The Nation's Pulse

Land of the Mostly Free

A final reminder of who won in 2008.

By 3.16.10

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For the past 16 years, the Heritage Foundation and the Wall Street Journal have co-published an annual Index of Economic Freedom, which awards every nation an "economic freedom" score based on 10 measurements of economic openness: Business Freedom, Trade Freedom, Fiscal Freedom, Government Spending, Monetary Freedom, Investment Freedom, Financial Freedom, Property Rights, Freedom from Corruption, and Labor Freedom. The big news about the recently published 2010 Index of Economic Freedom is that, for the first time, the United States' ranking has slipped from "Free" to "Mostly Free."

As the Index notes: "The U.S. government's interventionist responses to the financial and economic crisis that began in 2008 have significantly undermined economic freedom and long-term prospects for economic growth. Economic freedom has declined in seven of the 10 categories measured in the Index."

While the Index acknowledges that Bush administration policies played a role in lowering the U.S. ranking, it places most of the blame on the Obama administration:

The national government's role in the economy, expanding under President George W. Bush, has grown sharply under the administration of President Barack Obama, who took office in January 2009. Economic growth, which collapsed in 2008, had resumed by the second half of 2009, but legislative proposals for large and expensive new government programs on health care and energy use (climate change) have increased prospects for significant economic disruptions and raised concerns about the long-term health of the economy.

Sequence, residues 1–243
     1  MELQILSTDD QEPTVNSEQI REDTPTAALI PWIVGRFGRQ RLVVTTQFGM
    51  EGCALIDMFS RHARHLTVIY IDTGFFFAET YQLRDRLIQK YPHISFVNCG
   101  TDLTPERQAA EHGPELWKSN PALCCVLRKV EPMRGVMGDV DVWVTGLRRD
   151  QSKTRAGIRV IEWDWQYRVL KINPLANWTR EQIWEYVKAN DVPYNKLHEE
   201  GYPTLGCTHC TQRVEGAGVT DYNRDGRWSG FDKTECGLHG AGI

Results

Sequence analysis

The key question, of course, is why a center-right country like the United States elected a left-wing enemy of economic freedom like Barack Obama in the first place. Part of the answer, I think, is that Obama conducted a brilliantly deceptive election campaign, pretending to be a moderate when he was anything but. Obama's disinformation campaign was abetted by the mainstream liberal media, which might easily have exposed Obama's true political colors, but chose not to.

In a larger sense, however, the Obama Presidency is an unintended consequence of the war in Iraq. Rightly or (in my opinion) wrongly, many Americans had come to believe that the war was a terrible mistake, and in 2008 they acted on that belief by electing one of the war's outspoken critics to the highest office in the land.

The irony could hardly be greater: The U.S. fought (and is still fighting) a costly and unpopular war to transform Iraq into a stable democracy, yet it is America itself that has been transformed by the conflict -- and not for the better.

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About the Author

Joseph Shattan is the author of Architects of Victory: Six Heroes of the Cold War.